Cassoulet is a great winter bistro dish, a homey baked casserole from the south of France that is absolutely nothing like the bland casseroles of most American childhoods. (Unless you happen to have French relatives or have won the food lottery and grown up nextdoor to Paula Wolfert.) Walter Manzke makes a vegetable cassoulet at Church & State, but it's his cassoulet du Toulouse that's the stunner. It's a very traditional recipe, built with pigs feet and ham hocks and pork belly as well as Tarbais beans and duck confit and pork sausage. (Yeah, okay, but if you think this is a time-consuming recipe, you haven't read Wolfert's The Cooking of Southwest France, or have conveniently forgotten whole pages of it, like those involving fresh fava beans.)
Although Manzke makes his own duck confit, you can buy it. And remember that cassoulet is a peasant dish, and thus by its nature maleable. Although copper dishes are lovely, you can make it in whatever you have. If you don't have pigs feet, don't worry about it. “You need confit and white beans; you need sausage,” says Manzke. “The rest of it, well…” But considering the weather and the season, you could do worse than hole up for the weekend with a giant Le Creuset pot and a sack of ham hocks and pigs feet.
Cassoulet du Toulouse
From: Chef Walter Manzke of Church & State.
Serves: about 8
Note: This recipe calls for beans that have been soaked overnight. Manzke cures his own pork belly and pork shoulder, and says that you can do it yourself by covering the pieces of uncured meat with salt in a large casserole, then refrigerating overnight. The next day remove the meat from the salt, rinse and pat dry. Manzke also makes his own duck confit. If you want his recipe, let us know. Tarbais beans are available at Surfas and Nicole's Gourmet Foods (you can use other beans). Duck confit and duck fat are available at both those stores, as well as Whole Foods. Pork belly and pigs feet are available at many Mexican and Asian markets. Manzke uses a stock pot for the first part of the process, then finishes the dish in a large shallow baking vessel (or sometimes in smaller dishes, like the one shown). Use what you have, maybe a cast iron Dutch oven. And if you don't have anything big enough, divide the cassoulet between 2 pots.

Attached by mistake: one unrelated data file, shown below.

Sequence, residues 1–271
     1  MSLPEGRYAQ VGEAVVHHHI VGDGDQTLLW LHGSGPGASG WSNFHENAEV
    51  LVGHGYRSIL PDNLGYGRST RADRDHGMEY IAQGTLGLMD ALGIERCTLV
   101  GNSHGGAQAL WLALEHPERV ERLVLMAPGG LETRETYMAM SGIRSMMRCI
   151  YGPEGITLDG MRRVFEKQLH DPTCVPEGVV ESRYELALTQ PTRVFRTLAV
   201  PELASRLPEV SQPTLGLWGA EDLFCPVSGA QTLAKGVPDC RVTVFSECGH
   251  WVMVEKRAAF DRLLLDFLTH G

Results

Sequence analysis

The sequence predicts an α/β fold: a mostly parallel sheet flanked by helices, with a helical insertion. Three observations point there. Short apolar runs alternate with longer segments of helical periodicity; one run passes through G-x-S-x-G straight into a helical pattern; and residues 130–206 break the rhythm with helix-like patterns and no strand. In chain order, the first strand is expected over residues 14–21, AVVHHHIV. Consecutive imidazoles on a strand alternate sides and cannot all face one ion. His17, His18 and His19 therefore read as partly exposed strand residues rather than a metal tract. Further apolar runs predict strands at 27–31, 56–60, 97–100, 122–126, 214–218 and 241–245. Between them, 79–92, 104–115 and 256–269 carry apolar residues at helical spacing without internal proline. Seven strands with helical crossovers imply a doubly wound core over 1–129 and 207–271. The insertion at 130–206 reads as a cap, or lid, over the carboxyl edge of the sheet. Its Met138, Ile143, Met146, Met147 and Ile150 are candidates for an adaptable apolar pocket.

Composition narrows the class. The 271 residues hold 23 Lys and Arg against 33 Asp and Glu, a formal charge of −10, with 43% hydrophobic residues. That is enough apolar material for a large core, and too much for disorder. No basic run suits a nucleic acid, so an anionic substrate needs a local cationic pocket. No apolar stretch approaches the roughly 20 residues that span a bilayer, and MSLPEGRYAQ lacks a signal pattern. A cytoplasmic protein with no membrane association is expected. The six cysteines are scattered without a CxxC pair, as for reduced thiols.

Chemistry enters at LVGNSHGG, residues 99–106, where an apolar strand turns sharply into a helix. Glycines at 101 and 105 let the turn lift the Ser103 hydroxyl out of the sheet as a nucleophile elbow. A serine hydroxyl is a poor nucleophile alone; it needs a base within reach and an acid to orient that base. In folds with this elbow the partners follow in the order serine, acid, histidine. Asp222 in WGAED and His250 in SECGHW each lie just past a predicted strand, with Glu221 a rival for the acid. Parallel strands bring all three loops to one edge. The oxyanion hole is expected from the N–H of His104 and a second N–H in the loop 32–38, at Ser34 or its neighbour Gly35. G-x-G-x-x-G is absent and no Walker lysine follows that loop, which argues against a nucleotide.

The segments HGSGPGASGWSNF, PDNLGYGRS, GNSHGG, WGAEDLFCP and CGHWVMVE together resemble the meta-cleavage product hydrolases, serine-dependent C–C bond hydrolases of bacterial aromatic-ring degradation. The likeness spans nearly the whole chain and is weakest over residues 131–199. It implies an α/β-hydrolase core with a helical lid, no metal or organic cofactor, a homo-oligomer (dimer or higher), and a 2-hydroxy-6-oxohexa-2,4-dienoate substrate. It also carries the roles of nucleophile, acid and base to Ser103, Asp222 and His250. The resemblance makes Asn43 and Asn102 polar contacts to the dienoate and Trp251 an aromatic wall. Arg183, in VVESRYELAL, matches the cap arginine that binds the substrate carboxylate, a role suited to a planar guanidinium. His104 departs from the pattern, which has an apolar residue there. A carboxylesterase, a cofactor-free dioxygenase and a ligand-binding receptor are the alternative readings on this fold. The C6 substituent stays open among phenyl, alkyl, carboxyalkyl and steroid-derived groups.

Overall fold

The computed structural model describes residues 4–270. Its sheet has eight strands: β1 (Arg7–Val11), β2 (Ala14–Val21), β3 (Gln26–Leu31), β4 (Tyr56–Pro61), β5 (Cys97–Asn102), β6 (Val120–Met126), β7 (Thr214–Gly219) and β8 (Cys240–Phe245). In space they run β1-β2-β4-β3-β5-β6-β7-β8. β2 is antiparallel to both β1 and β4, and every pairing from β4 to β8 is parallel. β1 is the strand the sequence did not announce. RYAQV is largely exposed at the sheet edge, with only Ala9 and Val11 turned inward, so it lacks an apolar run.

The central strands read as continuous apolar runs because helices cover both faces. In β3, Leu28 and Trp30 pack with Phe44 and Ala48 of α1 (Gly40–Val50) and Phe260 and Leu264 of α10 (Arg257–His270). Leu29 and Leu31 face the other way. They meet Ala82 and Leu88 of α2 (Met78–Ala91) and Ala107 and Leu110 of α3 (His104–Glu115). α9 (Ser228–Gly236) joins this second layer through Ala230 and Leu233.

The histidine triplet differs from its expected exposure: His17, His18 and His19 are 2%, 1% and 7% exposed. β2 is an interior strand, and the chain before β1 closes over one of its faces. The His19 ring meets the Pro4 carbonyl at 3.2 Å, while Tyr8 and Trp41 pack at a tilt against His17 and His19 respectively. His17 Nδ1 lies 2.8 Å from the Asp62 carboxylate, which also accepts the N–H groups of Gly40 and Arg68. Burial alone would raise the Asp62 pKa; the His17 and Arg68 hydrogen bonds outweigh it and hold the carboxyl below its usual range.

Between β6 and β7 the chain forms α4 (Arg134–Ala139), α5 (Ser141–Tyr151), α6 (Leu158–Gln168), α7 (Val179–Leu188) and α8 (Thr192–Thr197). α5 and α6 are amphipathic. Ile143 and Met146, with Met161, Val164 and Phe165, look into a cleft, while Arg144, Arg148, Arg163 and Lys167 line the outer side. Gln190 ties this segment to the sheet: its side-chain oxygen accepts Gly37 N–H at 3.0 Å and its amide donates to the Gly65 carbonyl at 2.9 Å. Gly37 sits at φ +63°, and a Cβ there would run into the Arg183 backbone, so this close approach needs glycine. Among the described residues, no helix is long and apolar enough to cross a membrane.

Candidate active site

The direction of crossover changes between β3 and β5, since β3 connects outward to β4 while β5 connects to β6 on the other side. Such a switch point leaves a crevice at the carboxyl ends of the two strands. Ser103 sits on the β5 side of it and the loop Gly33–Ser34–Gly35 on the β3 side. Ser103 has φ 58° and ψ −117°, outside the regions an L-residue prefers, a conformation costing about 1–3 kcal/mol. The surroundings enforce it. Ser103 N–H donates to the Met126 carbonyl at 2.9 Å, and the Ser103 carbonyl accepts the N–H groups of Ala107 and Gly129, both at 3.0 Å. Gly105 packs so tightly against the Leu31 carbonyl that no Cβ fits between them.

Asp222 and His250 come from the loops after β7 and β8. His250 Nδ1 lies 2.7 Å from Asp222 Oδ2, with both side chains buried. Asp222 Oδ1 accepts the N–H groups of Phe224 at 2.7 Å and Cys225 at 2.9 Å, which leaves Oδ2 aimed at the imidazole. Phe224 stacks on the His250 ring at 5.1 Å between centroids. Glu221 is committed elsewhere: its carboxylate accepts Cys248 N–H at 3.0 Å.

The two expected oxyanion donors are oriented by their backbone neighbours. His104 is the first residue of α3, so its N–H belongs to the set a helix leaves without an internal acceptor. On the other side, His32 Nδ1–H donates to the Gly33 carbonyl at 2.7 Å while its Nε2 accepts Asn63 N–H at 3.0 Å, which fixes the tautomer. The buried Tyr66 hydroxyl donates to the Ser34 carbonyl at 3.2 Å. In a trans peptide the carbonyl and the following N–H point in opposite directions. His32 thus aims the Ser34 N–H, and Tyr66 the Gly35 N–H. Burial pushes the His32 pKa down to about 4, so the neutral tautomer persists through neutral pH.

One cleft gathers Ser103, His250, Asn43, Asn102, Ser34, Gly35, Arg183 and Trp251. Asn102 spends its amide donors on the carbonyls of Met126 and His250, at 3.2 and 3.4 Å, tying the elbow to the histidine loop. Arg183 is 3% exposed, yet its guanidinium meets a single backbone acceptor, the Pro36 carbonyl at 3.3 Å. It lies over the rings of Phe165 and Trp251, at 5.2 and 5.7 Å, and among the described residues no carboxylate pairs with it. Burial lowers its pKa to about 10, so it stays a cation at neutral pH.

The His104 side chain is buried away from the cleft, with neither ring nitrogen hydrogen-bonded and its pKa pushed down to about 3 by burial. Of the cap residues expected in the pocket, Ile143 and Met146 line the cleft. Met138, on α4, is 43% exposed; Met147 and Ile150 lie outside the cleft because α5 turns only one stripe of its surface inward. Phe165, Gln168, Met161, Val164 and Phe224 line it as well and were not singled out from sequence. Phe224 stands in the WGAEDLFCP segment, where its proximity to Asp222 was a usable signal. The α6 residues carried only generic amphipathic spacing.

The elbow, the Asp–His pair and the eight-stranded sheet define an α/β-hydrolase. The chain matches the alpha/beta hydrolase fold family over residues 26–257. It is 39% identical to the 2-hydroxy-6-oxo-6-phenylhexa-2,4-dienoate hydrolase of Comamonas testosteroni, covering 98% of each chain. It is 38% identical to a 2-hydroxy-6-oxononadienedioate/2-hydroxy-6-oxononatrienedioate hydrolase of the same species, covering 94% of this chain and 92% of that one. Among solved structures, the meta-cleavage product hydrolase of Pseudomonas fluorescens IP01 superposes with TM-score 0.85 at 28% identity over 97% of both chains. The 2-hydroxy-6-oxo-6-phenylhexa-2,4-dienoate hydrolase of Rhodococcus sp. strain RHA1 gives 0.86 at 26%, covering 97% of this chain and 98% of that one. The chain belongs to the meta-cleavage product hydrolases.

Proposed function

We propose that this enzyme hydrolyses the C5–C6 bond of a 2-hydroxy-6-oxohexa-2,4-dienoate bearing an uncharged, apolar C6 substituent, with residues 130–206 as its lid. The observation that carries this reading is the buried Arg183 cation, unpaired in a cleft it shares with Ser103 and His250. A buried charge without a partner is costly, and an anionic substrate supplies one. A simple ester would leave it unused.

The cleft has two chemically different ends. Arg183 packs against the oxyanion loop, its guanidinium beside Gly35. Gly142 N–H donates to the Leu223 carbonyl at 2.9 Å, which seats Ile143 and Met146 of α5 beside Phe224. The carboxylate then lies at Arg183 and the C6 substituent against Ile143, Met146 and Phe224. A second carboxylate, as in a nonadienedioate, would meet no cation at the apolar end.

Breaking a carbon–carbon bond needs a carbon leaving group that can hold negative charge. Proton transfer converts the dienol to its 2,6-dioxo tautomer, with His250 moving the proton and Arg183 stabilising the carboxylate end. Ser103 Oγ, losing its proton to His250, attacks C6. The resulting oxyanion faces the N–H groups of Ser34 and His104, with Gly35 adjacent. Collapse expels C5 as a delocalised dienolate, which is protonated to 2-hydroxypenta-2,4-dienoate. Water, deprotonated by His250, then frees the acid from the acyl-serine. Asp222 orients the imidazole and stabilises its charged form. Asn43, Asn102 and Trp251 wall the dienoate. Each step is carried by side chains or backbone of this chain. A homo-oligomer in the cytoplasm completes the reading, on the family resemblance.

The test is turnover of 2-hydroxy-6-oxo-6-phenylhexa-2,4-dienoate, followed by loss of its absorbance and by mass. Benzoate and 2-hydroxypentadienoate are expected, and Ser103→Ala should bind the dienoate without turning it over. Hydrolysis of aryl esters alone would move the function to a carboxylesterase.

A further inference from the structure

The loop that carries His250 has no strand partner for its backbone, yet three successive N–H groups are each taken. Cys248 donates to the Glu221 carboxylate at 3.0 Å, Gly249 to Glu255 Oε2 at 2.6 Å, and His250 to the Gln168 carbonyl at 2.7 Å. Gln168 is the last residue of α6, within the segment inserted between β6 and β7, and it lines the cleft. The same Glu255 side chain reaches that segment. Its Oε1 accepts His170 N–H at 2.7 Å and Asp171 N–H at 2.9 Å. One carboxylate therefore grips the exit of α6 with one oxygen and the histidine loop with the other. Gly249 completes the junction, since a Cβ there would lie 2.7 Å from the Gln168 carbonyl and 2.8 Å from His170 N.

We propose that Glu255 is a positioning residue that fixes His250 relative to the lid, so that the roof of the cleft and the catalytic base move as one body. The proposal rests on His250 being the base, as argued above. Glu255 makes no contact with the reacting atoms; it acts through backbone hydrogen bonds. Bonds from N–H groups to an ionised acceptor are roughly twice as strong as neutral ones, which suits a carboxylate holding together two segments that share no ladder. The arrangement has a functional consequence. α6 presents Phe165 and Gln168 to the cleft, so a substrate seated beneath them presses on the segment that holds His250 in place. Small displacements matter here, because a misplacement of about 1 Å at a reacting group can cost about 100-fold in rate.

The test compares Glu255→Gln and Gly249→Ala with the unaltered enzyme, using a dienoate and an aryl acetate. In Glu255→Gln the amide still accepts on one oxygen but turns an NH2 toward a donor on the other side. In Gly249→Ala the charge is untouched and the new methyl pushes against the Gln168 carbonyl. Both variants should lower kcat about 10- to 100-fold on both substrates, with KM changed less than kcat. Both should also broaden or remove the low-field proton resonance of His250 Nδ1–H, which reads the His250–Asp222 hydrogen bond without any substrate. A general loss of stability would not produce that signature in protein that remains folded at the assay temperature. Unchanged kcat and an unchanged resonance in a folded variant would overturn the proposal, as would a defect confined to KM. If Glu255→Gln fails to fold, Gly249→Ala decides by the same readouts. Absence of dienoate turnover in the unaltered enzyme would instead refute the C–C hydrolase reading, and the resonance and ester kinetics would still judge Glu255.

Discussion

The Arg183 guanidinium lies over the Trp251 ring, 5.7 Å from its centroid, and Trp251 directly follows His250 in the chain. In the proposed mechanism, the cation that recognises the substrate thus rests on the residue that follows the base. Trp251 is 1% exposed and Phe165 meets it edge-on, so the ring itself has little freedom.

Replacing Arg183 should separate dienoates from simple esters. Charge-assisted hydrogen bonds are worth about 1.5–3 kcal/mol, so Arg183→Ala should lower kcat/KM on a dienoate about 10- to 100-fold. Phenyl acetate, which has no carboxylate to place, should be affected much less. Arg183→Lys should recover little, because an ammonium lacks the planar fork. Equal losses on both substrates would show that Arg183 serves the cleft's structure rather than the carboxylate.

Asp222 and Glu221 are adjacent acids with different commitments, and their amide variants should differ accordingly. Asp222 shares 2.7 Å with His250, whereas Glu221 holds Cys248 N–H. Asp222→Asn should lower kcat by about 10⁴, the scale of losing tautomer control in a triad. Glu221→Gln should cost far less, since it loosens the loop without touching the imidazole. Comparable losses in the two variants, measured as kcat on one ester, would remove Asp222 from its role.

Preparation of the pork belly, shoulder, ham hocks and pigs feet:
2 tablespoons duck fat
2 onions, 1/2-inch dice
1 carrot, 1/2-inch dice
1 celery stalk, 1/2-inch dice
4 cloves garlic, sliced
2 tablespoons tomato paste
2 cups peeled and chopped tomatoes
1 cup white wine
3 sprigs of fresh thyme
1 bay leaf
salt and pepper to taste
1 gallon of pork or veal stock (or use chicken stock)
2 ham hocks
1 pigs foot
1 2-pound piece of cured pork belly
1 2-pound piece of cured pork shoulder
about 2 pounds of duck confit (purchased or homemade)
1. Preheat the oven to 325 degrees. In a large heavy-bottomed pot on medium heat, add the duck fat, onion, carrots, celery and garlic. Sweat until lightly browned, about 10-12 minutes.
2. Add the tomato paste and continue to sweat for 2-3 minutes longer. Add the wine and reduce by half.
3. Add the tomatoes, thyme, bay leaf, stock, pigs foot, ham hocks, shoulder and belly. Heat to a slow simmer, skimming the fat as needed. Season with salt and pepper to taste.
4. Cover the pot and place in the oven for 3-4 hours, until the meat is tender.
5. After 3-4 hours, remove the meat from the liquid, cool slightly and reserve. Strain the liquid and reserve. Dice the pork belly and shoulder int 1-inch cubes and reserve. Remove the bones from the ham hocks and pigs feet. Cut the meat into 1-inch cubes and reserve. Discard the bones.
Finishing the dish:
4 cups Tarbais beans or other dry white beans, soaked overnight
1 tablespoon duck fat
1 large onion, medium dice
1 carrot, medium dice
3 cloves of garlic, chopped
3 sprigs of fresh thyme
1 bay leaf
prepared pork belly, shoulder, pigs foot and ham hocks (recipe above)
2 pounds of pork sausage links
2 cups of bread crumbs
2 tablespoons of parsley, finely chopped
1. Place the soaked white beans in a large pot, add fresh cold water and bring to a slow simmer. Cook, covered, for 1 hour. Drain the beans and reserve.
2. In a large heavy-bottomed pot over medium heat, add the duck fat, carrots, onion and garlic and sweat until translucent, about 6-7 minutes.
3. Add the thyme, bay leaf, the reserved pork belly, shoulder, ham hocks and pigs feet, the duck confit, sausage, blanched beans, and the reserved stock to the pot. Bring to a simmer and season with salt and pepper to taste.
4. Transfer the meat and beans to casserole large enough to hold them all, making sure all the meat is covered by the beans and stock. Sprinkle the bread crumbs over the entire surface of the mixture (Manzke also sometimes puts some tomato slices on top; see the photo).
5. Bake in a 325 degree oven until the beans and meat are tender and a golden crust forms on the surface of the cassoulet, about 1-2 hours. (Note: some people break the crust during cooking.)
6. Sprinkle the top with the chopped parsley and serve family style.